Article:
In Sri Lanka, violence has declined since the government and Tamil Tiger rebels agreed to hold talks to save a tottering truce.
European monitors supervising Sri Lanka's truce say tensions have eased in the north and east, where a string of attacks in the last two months killed more than 200 people. The attacks had raised fears that the country was sliding back into civil war.
"It seems that violence and killings has dropped significantly in the last few days, and although we want to remain cautious, we still have noticed a trend downward and certainly we have noticed less tension in the surrounding districts," said Helen Olafsdottir, a spokeswoman for the Sri Lanka Monitoring Mission in Colombo.
Last week, the government and the Tamil Tiger rebels agreed to meet in Switzerland in February to discuss how to shore up a four-year-old cease-fire.
The government blames the rebels for several recent attacks that killed dozens of soldiers, while the Tigers allege that the government is backing a breakaway rebel faction.
The violence escalated in December, soon after the election of a hard-line president, Mahinda Rajapakse, who turned down the rebels' core demand for an autonomous homeland in the north and east. He pledged to renegotiate the cease-fire agreement. The Tamil Tigers in turn threatened to return to war if the government failed to reach a political settlement.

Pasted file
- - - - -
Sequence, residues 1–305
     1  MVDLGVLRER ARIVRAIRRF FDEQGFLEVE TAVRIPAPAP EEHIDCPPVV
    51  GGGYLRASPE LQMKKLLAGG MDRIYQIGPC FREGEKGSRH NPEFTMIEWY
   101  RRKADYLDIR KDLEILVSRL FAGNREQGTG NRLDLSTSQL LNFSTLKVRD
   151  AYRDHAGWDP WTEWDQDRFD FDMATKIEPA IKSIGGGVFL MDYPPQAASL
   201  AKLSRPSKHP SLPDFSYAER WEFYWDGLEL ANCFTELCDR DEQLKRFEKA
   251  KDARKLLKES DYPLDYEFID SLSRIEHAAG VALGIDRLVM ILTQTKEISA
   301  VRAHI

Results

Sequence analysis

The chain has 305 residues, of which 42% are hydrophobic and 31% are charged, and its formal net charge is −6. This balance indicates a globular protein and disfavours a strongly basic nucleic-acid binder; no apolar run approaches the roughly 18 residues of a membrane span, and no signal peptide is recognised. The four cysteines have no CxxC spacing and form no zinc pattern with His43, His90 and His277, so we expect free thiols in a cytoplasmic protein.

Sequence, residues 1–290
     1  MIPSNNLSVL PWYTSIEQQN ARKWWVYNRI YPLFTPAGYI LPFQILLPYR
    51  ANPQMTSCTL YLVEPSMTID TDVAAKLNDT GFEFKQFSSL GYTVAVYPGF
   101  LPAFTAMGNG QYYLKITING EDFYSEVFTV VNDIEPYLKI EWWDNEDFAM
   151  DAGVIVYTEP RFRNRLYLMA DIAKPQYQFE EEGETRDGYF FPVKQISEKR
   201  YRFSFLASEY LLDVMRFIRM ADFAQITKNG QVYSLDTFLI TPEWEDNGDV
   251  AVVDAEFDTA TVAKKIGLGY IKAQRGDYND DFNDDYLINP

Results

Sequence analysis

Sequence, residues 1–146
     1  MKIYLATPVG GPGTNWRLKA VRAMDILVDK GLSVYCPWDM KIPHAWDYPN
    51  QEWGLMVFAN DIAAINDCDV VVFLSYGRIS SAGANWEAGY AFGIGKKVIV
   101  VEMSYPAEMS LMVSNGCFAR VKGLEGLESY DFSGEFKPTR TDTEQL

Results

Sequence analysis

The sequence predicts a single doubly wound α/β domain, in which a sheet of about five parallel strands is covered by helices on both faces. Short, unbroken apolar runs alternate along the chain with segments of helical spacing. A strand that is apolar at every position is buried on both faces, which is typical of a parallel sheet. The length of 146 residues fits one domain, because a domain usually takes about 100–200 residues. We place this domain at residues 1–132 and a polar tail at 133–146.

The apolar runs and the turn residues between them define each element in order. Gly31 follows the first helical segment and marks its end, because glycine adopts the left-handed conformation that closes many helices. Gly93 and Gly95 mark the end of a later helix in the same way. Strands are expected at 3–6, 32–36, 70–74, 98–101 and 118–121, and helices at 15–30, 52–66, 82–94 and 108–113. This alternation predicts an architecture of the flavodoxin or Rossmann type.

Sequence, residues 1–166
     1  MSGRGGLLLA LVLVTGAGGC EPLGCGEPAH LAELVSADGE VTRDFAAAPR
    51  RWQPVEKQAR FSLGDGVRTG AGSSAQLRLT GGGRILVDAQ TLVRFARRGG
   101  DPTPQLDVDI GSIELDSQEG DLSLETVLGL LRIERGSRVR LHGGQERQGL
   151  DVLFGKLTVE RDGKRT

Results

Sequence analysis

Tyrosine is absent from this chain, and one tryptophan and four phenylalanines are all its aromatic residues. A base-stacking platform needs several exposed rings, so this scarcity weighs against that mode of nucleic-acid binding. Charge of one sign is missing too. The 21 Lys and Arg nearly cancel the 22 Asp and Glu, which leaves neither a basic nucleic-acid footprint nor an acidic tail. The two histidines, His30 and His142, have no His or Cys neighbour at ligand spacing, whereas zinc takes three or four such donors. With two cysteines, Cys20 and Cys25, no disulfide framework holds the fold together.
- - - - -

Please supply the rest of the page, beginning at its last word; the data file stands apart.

The rebels have fought for two decades to establish a separate homeland for the ethnic Tamil community. Under the cease-fire deal, they agreed to give up demands for independence in return for greater autonomy from the rest of the mostly Buddhist country.
Rohan Edresignhe at Colombo's Center for Policy Alternatives says everyone in the country has breathed a "collective sigh of relief" as hectic diplomatic efforts have averted a return to hostilities for now. But he warns it will not be easy to bridge the differences between the two sides.
"There are going to be very difficult issues to be resolved, we need to have a sense of perspective and recognize that, in spite this agreement, the gulf between the two sides is very wide," said Edresignhe.
Norwegian truce monitors say peace is crucial ahead of the February talks because it will help build trust between the two sides.
Helen Olafsdottir says both sides need to work on building trust.
"They have to start building their confidence, they have to get used to one another, and they have to start agreeing on things, which has been very difficult so far," she said.
The 2002 truce between the two sides had raised hopes that the country could resolve the conflict, but many fear that salvaging the peace process will not be easy.